Prêt-À-Poundo: Yumnah Najah's Queen Collection 'La Reine'
It is an interview with designer Yumnah Najah about the Spring 13 collection called "La Reine".
*All pictures by Laura Little Photography
Hand-painted jewelry line Yumnah Najah Designs is created by the young, NYC-based artist and designer Yumnnah Najah — a woman who boasts a natural artistic talent and lets her instinct drive her creations. Today, she will be launching her new collection called "La Reine"("The Queen" in french).; inspired by metallic prints, this spring collection is different from her previous one, focusing on endless unique patterns with strong linear themes.
"La Reine" features bold, bright, vibrant colors and reflects Yumnah Najah's unique vision and signature. Najah states, "La Reine is for the woman who carries herself like royalty and isn't a stranger to bright colors, patterns, and shapes that make a statement. She is comfortable embracing all that makes her unique and she turns heads by exuding an unquestionable presence". Designer, artist, and Okayafrica store model Reign Apiim is the newest face of Yumnah Najah Designs' Spring Collection. "Reign was the perfect fit and a true inspiration for this collection", Najah says, "She embodies everything this collection represents--freedom of creativity and creative expression. She is comfortable with herself to the point where she inspires the people around her to be comfortable and let their guard down. Reign is a true YND woman and a true "queen."
Who is Yumnah Najah? Where are you from?
I'm an artist and designer of Yumnah Najah Designs, a hand-painted jewelry collection. I'm from Harlem, New York.
How did you start creating and when did you start considering jewelry?
[It all started from] My frustration with not being able to find accessories that spoke to my imagination and my fashion needs. I was on a quest to find bold, unique accessories and couldn't find anything to match the vision in my head. That's when I decided to merge my love for art and painting with my love for accessories, and I launched Yumnah Najah Designs in the Fall of 2010.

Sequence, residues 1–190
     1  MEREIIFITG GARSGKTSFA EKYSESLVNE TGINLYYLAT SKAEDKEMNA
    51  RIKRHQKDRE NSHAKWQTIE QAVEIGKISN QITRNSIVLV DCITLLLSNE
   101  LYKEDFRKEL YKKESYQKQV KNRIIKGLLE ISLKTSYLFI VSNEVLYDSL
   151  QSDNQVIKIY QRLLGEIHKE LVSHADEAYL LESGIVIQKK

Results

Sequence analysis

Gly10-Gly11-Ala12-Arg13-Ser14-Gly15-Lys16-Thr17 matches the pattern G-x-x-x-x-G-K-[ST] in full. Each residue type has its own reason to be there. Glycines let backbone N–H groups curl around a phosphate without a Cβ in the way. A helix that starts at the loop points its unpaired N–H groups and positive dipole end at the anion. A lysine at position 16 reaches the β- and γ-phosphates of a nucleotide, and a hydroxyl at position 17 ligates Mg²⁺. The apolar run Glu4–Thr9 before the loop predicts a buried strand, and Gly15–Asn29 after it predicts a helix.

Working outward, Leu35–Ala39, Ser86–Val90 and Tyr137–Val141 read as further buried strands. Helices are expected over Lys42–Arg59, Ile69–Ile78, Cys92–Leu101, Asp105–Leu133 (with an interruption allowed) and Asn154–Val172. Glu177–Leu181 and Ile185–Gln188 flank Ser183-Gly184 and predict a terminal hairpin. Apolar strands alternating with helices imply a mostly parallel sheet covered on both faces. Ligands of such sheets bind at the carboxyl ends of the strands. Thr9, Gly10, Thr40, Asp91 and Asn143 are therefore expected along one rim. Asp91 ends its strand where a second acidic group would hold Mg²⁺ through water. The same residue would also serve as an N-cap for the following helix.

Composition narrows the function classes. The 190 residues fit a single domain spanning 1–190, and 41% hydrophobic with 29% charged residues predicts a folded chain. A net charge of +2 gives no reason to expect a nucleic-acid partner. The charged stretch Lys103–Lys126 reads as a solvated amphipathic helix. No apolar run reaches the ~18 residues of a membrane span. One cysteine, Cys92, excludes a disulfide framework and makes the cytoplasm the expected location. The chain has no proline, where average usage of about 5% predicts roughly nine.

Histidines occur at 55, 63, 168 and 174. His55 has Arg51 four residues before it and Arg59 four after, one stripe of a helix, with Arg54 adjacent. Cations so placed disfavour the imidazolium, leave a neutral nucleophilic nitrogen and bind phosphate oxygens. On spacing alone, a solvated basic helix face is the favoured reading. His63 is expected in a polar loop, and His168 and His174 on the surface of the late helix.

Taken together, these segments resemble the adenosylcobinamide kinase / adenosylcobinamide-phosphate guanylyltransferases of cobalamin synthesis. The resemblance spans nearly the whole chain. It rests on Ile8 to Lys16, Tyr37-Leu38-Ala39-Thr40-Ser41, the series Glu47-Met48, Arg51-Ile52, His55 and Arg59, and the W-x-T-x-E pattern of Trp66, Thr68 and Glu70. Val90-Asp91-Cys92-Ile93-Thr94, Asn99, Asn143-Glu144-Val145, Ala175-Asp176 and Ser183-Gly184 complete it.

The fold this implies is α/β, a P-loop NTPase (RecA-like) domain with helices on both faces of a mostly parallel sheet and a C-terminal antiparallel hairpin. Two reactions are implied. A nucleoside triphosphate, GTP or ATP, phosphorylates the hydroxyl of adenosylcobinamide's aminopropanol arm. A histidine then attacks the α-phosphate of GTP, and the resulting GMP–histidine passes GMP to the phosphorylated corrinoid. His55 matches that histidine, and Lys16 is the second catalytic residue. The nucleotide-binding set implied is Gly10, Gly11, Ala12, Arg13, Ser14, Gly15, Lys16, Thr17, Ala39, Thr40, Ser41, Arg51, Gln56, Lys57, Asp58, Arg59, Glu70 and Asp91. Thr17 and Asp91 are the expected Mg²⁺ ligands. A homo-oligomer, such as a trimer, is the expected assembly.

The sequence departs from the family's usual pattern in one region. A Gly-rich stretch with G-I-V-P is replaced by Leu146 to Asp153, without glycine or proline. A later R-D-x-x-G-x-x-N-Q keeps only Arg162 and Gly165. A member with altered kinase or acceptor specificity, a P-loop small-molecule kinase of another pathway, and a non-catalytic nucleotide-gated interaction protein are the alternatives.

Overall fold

Did you study fashion and/ or jewelry design?
I have been designing jewelry for two years now. My painting technique developed over many years. Reaching back even to my earliest art lessons in school, I have layered techniques learned from many art teachers. The artistic community is very generous and other jewelry artist have mentored me towards discovering my unique modes of expressing the styles in my imagination.
Where do you seek inspiration?
I find inspiration everywhere. In nature, in the book store, while I'm traveling. The best inspiration comes to me from being observant of my surroundings. I find abundant color scheme, texture and pattern inspirations in every type of environment. I love to study and get inspiration from other artists, especially from the Harlem Renaissance era like Jacob Lawrence and William Johnson. Another influence in my approach is Vincent Van Gogh. His creative drive was intensely personal.
What is your brand?
The Yumnah Najah brand is focused on creating pieces for women who are comfortable with their unique sense of style and taste and aren't afraid of standing out.
How would you describe Yumnah Najah designs signature in one line?
Bold, eye-catching & elegant.